Full Key: A Tweet Dinner

I love Twitter.  I follow close to 200 tweeters and more than 50 people follow me.
Many of my friends don’t get it.  The comment I often hear is “I don’t care to know how often so and so goes to the bathroom, or the gym, or shopping.”  That’s not what it’s about people.

Twitteris a great way to get snippets of information rather than going to multiple websites. You can then link to the stories you want more information about.  It’s really a time saver rather than a time waster.  I guess that only applies to people who spend a lot of time surfing the web.

Twitteralso gives you unique insight into your favorite celebrities. Again, I realize that not everyone cares about the random thoughts of celebrities, as I do.  Take for example Busy Phillips (@Busyphilipps25) from Cougar Town. Her latest tweet:  “OMG!You guys!! I just got the super sexual pat down at airport security! It was crazy and I couldn’t stop laughing! They REALLY get in there!”   She’s very amusing.  I also follow @ and @davidgregory, mostly so I don’t appear totally vapid.

Most recently I have moved away from following celebrities to following restaurants, food critics, chefs, etc.  These include:  @mariobatali, @chefsymon, @nytimesdining, @seriouseats, @tastepost, @komitomarvin.  You get the idea.

When I recently saw a tweet from Jose Andres (@chefjoseandres) acclaimed chef and owner of Jaleo, Cafe Atlantico, Zaytina, Oyamel, etc. etc. stating   “Full Key Restaurant – Wheaton, MD  favorite Chinese in the DC area!” I was atwitter!

Wheaton is just down the road from where I live, and is host to a number of some pretty top-notch ethnic restaurants.  I haven’t tried Full Key, which resides in the same shopping center strip as Max’s Kosher Cafe.  If Jose Andres says that this is his favorite Chinese in the DC area, well then I am right on it.
It felt a little strange to park in the lot where Max’s is and walk right past it to the low key Full Key. Max’s shwarma is one of my very favorite things to eat in the universe,bar none.  But we scurry past Max’s  and into Full Key where we are the only non-Asians in the place.  I take this as a good sign.

The only problem with following a tweet that doesn’t link anywhere, is that it doesn’t give you much information.  When it comes to ordering, we are pretty much on our own, although I had jotted down a few notes from some online postings on Chowhound.com and Washingtonian Cheap eats.

I order a small portion of roast duck, having read recommendations for it in several places.  I am informed that there isn’t enough duck to fill my order, but I am encouraged to try the roasted duck noodle soup instead, because it takes less duck   I am on my own in eating this dish, as my companions are my vegetarian son and pescaterian husband.  I am surprised by the huge serving that is delivered steaming to my table, particularly at a cost of $7.95.  The plentiful duck pieces fall off the bone and the generous helping of noodles, while a little difficult to eat daintily, are delicious.

We order three additional vegetarian dishes, knowing it was going to be too much food, but unable to resist the variety of vegetarian dishes at such reasonable costs.  No harm in leftovers.

My son declares the kung pow bean curd, the best bean curd ever, describing it as exceptionally “juicy ”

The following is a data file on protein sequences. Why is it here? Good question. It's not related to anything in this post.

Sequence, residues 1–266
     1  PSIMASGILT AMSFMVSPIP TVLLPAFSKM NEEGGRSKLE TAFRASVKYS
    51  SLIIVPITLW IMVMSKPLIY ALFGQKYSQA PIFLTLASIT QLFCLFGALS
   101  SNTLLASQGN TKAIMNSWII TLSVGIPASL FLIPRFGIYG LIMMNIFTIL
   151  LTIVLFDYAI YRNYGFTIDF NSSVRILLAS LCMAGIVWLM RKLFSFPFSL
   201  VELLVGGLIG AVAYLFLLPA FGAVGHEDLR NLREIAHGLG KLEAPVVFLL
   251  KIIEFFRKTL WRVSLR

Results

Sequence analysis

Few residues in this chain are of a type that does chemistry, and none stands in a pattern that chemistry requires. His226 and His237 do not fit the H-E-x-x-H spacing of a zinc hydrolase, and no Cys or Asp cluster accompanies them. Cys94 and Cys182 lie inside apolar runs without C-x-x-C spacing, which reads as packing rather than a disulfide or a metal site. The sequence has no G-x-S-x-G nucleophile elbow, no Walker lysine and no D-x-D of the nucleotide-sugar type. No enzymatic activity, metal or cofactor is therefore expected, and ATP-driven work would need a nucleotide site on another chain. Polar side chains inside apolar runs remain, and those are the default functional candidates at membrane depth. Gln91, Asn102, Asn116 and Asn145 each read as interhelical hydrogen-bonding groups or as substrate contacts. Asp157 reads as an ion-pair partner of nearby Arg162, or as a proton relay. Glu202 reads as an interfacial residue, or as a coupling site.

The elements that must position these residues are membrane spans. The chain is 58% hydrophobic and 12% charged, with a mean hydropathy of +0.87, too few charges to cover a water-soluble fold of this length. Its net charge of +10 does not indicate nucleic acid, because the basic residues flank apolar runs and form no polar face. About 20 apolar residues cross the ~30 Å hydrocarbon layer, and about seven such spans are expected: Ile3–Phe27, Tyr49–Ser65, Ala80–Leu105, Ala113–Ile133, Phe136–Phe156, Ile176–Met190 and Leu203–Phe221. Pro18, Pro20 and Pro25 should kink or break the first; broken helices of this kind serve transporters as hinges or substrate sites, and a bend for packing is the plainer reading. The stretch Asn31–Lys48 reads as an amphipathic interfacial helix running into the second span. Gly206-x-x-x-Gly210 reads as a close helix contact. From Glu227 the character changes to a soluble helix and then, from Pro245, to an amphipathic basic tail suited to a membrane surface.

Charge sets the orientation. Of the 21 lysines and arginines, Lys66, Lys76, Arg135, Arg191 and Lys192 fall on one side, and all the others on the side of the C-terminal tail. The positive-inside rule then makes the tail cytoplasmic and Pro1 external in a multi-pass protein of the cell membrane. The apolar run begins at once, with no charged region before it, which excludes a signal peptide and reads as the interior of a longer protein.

The eggplant with hot garlic sauce, a dish that I sometimes love and sometimes don’t depending on the texture, falls into the love category.  It could have been  a touch spicier but the sauce has a nice tang to it.

The vegetable chow foon falls short.  I am a fan of the wide chow foon noodle.  The noodles are fine but the brown sauce has nothing to distinguish the flavors, and the vegetables are not as plentiful as they could be. The dish is also a bit gloppy. One mediocre dish out of four isn’t so bad, and we leave with our expectations met.

Jose Andre’s tweet brought us to Full Kee.  I found the food to be solidly good and worth further exploration of some of the meat dishes.  I need to return with meat-eating friends.  This isn’t a place to come for the atmosphere, which is somewhat non-existent.  But that’s what is to be expected of a bargain restaurant and not at all a deterrent.  When I get home I tweet a reply to Jose Andres.

@ ate at Full Key in Wheaton based on your tweet. great recommendation. kung pao tofu made the vegetarians very happy!

He doesn’t respond.

That’s ok.  I still love Twitter.  Those @ signs can definitely get confusing. On the other hand if it weren’t for Twitter I might never have made the quick trip up the road to Full Key, which is certainly a worthy destination for a quick Sunday night Chinese food fix.

I would be remiss if I didn’t end with this:  follow me @foodobsessed6.

Full Kee, 2227 University Boulevard W. ,Silver Spring/Takoma Park, MD 20902

My rating (on a 1-5 scale):   3.9
Zagat rating:  21

Washingtonian Cheap Eats review

Full Key on Urbanspoon


  1. I have been to the original Full Key in Chinatown many times years ago and their noodle soups where always spectaular. In the day, they had roasted duck hanging from the ceiling in the window at the entrance. Lou Ap

  2. Actually the one in Chinatown is called Full Kee and the one in Wheaton is called Full Key. I'm pretty sure they are not related. There is a related Full Kee in Northern Virginia, however. I prefer the one in Chinatown, but after the Andres tweet, i may have to try the Wheaton restaurant too.

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